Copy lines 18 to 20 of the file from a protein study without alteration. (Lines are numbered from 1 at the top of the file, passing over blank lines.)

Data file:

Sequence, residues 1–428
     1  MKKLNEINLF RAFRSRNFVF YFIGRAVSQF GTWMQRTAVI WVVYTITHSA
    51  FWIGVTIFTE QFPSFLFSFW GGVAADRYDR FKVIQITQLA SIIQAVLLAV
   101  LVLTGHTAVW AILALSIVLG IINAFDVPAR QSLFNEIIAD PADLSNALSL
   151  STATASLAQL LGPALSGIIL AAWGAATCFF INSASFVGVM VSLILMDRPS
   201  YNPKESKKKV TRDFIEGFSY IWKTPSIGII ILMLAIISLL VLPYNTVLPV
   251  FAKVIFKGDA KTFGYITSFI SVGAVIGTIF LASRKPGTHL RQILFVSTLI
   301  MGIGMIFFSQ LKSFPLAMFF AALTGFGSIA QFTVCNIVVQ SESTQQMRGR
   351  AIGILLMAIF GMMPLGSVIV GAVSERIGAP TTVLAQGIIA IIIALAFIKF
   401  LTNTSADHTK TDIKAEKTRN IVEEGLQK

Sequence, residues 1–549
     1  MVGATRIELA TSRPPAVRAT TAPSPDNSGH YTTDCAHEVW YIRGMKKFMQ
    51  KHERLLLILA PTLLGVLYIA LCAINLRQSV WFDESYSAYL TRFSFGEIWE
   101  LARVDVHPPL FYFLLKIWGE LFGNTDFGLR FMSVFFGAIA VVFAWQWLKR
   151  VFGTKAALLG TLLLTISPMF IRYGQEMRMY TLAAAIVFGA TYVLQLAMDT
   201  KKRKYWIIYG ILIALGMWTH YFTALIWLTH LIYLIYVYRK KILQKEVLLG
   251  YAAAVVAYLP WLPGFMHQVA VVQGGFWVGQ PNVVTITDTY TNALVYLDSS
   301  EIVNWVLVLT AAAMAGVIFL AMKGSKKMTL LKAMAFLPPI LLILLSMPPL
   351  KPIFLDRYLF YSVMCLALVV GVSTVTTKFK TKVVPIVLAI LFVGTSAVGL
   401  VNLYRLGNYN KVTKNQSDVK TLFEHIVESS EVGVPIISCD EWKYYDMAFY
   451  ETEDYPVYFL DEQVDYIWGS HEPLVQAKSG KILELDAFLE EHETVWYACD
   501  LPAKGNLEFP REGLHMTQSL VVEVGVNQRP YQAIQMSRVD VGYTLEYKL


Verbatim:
   301  EIVNWVLVLT AAAMAGVIFL AMKGSKKMTL LKAMAFLPPI LLILLSMPPL
   351  KPIFLDRYLF YSVMCLALVV GVSTVTTKFK TKVVPIVLAI LFVGTSAVGL
   401  VNLYRLGNYN KVTKNQSDVK TLFEHIVESS EVGVPIISCD EWKYYDMAFY